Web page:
Friday, July 26, 2013

Feedback for innovation and growth

by Kenneth L. Greenberg

When leaders and managers are faced with small talk in the form criticism of either of the organization or them­selves, we find too frequently the impulsive reaction is to dismiss the negativity and the negative people.

We suggest, and others concur, that this dismissal may be a mistake. One of our white papers contains nu­merous sources on why critics both outside and inside the organization need a voice. These critics are often passionate about your organization or you, but cannot artfully voice the desire for you or your organization to improve. Worse, when you ignore them, they are denied an opportunity to contribute, collaborate and feel part of an organization. Disengagement leads to unhappiness, which, in turn, leads to lowered productivity. As a result you lose an opportunity to keep your critics engaged in your success. Certain credible research suggests if an organization disengages from both internal and external critics and they in turn disengage from you, their passion for your organization can become destructive.

Properly harnessed criticism and complaints can be turned into constructive feedback that can be used to improve professional development programs, products, services and strategic planning.

Criticism directed toward management or leadership is where 360˚ surveys come in. Properly constructed, 360˚ tools can contain criticism and filter it into credible, valid and recognized leadership and management skill categories. Not only are critics given a voice, but also a platform to constructively and candidly engage with company management and leadership. This engage­ment can lead to meaningful behavior change by man­agement and leadership. Research has proven that, if the correct behavior change is sustained, it will improve an organization’s effectiveness.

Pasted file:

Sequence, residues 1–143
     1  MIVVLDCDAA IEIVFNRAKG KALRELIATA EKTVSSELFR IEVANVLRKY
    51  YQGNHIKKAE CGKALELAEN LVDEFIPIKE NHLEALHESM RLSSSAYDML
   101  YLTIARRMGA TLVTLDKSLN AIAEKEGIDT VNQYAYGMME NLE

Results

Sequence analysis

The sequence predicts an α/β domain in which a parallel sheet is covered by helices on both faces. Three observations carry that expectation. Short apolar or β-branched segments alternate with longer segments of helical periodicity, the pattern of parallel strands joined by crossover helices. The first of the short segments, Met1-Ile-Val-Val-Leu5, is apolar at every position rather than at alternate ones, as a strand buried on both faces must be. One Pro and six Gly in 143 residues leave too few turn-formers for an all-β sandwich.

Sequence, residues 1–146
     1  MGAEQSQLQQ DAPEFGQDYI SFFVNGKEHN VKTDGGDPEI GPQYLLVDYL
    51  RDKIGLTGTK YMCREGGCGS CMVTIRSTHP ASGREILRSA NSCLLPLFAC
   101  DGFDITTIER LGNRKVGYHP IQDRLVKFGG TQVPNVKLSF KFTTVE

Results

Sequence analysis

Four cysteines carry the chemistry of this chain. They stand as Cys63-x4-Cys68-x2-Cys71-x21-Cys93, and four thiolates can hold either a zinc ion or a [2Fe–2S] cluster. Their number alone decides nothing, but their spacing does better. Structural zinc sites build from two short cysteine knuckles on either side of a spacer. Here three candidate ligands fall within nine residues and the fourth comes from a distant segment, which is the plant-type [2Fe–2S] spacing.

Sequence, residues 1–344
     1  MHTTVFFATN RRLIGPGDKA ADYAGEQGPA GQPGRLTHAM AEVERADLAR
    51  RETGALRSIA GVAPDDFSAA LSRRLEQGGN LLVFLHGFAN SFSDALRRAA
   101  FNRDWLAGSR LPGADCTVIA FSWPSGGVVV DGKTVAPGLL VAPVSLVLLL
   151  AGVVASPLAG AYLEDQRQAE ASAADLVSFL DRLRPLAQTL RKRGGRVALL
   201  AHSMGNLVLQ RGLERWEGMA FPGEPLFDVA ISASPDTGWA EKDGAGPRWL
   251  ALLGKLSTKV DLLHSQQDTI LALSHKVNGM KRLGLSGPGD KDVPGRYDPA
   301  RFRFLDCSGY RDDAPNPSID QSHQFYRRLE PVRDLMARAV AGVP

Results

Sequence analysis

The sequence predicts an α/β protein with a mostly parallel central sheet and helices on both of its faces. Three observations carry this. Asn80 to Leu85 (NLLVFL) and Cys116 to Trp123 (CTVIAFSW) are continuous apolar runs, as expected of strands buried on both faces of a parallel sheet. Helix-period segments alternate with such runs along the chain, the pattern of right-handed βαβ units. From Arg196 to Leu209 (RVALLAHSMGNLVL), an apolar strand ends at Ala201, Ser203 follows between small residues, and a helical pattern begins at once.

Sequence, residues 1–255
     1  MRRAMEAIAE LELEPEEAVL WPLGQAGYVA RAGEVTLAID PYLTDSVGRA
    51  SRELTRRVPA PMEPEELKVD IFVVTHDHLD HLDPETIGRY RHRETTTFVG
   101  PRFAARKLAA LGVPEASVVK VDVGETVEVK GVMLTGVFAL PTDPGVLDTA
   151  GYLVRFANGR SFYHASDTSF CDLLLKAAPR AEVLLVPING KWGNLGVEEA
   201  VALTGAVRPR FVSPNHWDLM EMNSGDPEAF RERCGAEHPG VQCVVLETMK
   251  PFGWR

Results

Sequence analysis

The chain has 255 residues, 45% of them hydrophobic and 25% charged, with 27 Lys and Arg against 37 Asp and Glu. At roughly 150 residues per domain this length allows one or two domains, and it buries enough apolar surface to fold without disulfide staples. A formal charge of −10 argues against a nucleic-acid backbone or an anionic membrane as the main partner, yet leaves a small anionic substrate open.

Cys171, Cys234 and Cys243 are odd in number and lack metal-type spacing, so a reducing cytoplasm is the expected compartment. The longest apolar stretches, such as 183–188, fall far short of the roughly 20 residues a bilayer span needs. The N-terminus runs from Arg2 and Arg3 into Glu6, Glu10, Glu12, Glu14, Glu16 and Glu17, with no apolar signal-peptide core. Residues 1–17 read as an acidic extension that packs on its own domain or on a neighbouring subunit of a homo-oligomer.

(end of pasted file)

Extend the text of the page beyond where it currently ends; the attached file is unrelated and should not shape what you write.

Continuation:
Organizational 360˚ surveys can be used to capture qualitative data and feedback about products and services. Properly con­structed with statistical validity, these surveys can help interpret changing consumer tastes, competitive threats and demographic trends. The key is to engage as many respondents as possible in a safe and anonymous way, not just one or two, like we see on a popular television show. Respondents must know they can be honest and safe from retaliation. Also, this data can be used as leading-edge indicators that drive innovation efforts and strategic planning long before the financial results are reported. This gives leadership a chance to see around corners and gain visibility to future trends, dissatisfied customers and employees. We also believe risk identifi­cation and risk manage­ment can be aided by a properly constructed survey tool.

While criticism may be misdirected or downright mean-spirited, using survey tools can contain the criticism and engage the criticizer. Done right, survey tools will filter the feedback into useful and meaningful data that can be used to improve leaders, managers, products and services.

Many experts in organizational development also believe the integration of qualitative data from internal stake­holders such as employees, managers, board members, etc. is a critical part of creating balanced scorecard tools that measure the performance and effectiveness of an organization. When properly analyzed and integrated into the strategic planning process, these tools can help organizations learn and drive change initiatives that promote growth and profitability.

Kenneth L. Greenberg is the CEO of KLG Consultants, LLC a leadership and business development firm based in Colorado. The firm offers large company, employee selection, professional devel­opment and training tools to organizations of all sizes at an affordable price. Visit for more information.

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